Humankind is one step closer to making nuclear fusion – the very process that powers stars – a viable energy source.
ZYLSTRA: "I think this is a very exciting time. You know, people have been working on fusion for many decades, and this is literally decades in the making.”
U.S. government scientists have announced hitting a huge milestone called “a burning plasma,” which marks a step toward self-sustaining nuclear fusion energy.
Alex Zylstra is an experimental physicist at Lawrence Livermore National Laboratory.
"We are publishing findings that for the first time we've been able to create what we call a burning plasma in the laboratory. And burning plasma is one that's related to fusion energy research. And it's a system in which the fuel is mostly heating itself. In the past, we've always had to provide external heating to the fuel to get it hot. But now the fusion is actually doing most of the work for us."
Using the world’s largest laser, the researchers coaxed fusion fuel for the first time to heat itself beyond the heat they zapped into it.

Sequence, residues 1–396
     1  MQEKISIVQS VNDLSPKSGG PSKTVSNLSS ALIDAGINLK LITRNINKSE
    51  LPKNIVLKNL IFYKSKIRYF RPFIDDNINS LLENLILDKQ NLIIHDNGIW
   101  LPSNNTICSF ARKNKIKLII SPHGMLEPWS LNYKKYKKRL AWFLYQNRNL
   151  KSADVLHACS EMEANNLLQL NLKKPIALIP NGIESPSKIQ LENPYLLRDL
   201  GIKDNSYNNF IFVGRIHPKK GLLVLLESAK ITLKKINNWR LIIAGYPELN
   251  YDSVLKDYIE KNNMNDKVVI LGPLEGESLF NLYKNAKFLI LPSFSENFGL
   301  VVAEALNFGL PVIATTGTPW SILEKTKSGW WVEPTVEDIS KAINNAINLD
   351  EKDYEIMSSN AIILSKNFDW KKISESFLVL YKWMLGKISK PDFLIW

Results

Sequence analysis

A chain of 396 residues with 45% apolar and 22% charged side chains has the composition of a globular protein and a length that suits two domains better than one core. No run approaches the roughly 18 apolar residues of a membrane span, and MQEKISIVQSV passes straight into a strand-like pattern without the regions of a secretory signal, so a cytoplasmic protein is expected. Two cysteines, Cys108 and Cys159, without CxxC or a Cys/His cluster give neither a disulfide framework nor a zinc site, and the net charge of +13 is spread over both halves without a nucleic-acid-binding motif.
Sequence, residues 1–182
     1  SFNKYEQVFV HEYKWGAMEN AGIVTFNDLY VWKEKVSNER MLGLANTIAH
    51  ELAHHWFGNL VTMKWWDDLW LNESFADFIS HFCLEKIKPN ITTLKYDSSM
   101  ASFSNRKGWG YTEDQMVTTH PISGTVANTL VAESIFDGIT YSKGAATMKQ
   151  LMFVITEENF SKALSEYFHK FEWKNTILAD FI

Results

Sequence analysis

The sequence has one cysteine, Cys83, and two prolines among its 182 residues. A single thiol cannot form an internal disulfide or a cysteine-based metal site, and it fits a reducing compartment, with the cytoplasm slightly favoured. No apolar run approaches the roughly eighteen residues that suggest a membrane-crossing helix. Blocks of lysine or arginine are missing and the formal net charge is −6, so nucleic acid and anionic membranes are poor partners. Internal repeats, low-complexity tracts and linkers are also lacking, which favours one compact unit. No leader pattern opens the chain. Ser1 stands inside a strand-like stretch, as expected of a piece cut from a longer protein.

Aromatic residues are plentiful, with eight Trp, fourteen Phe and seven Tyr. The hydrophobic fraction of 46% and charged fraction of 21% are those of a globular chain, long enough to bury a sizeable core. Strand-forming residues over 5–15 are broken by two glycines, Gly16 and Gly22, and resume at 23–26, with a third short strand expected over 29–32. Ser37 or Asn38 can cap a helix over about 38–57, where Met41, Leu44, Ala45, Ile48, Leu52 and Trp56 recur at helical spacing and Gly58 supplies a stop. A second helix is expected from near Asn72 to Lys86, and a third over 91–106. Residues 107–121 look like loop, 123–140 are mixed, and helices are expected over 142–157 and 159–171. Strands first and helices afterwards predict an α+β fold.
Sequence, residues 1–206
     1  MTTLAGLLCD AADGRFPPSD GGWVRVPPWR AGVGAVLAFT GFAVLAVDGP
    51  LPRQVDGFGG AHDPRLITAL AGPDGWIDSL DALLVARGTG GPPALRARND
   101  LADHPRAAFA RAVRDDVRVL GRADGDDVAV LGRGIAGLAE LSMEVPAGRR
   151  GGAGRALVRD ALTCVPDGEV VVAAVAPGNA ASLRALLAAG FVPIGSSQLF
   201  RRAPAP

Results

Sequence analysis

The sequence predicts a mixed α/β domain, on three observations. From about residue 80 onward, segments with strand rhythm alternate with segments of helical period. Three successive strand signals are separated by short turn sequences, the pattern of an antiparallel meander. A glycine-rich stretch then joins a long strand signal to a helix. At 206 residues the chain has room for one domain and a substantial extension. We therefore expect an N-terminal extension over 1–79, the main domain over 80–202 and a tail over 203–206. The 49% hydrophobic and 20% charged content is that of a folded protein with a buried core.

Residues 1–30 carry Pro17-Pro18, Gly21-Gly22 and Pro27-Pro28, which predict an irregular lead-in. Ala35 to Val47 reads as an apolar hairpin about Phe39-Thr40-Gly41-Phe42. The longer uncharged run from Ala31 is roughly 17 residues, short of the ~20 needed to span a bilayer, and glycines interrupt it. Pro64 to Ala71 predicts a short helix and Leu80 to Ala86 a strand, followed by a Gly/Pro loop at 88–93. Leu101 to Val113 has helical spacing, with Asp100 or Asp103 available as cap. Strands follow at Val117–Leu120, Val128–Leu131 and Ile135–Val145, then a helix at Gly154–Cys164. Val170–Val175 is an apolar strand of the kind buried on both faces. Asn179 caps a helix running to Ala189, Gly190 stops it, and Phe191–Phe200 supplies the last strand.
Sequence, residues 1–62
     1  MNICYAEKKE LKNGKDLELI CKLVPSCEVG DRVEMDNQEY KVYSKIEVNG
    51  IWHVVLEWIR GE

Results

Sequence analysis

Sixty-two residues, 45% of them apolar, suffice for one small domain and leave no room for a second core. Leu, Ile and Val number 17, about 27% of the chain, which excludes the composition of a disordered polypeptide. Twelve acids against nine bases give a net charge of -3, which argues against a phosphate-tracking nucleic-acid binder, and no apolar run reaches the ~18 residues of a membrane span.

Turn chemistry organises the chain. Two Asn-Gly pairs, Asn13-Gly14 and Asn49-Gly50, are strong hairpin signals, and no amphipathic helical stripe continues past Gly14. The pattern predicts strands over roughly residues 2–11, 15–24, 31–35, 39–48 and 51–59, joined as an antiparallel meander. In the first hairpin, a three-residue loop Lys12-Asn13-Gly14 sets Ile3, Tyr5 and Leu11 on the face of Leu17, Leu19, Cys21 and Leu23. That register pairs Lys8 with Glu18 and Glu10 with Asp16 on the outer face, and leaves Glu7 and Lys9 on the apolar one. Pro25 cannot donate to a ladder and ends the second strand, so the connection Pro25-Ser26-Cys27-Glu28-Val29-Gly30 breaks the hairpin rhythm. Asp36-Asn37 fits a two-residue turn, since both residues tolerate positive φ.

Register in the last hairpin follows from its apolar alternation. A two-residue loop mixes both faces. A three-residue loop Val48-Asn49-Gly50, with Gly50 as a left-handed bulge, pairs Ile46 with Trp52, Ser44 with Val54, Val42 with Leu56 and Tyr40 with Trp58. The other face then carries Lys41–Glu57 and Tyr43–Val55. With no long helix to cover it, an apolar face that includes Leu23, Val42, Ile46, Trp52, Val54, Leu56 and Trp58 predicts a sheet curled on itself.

The energy they produced was modest – about the equivalent of nine nine-volt batteries – but the experiments represent a big step in the decades-long quest.
The scientists cautioned that years of more work are needed.
“From there, the next step is actually we want to try to get to the point where the fuel is heating itself so fast that it can overcome mechanisms that reduce the temperature of the fuel. That would be what we would call ignition. Beyond there, we still need to show that we can produce more energy from fusion than we take to actually start the experiment.”
Unlike burning fossil fuels or the fission process of existing nuclear power plants, fusion offers the prospect of abundant energy without pollution.
Zylstra is encouraged by the progress.
“You know, there's many milestones that are being reported in the last few years. It's quite an exciting time for, for fusion. And I think it's also important to note that this particular milestone that we're reporting now is, is exciting because it's the first time that we're able to study how the fusion fuel behaves under these sorts of conditions, and that's key for building our understanding to guide the path forward."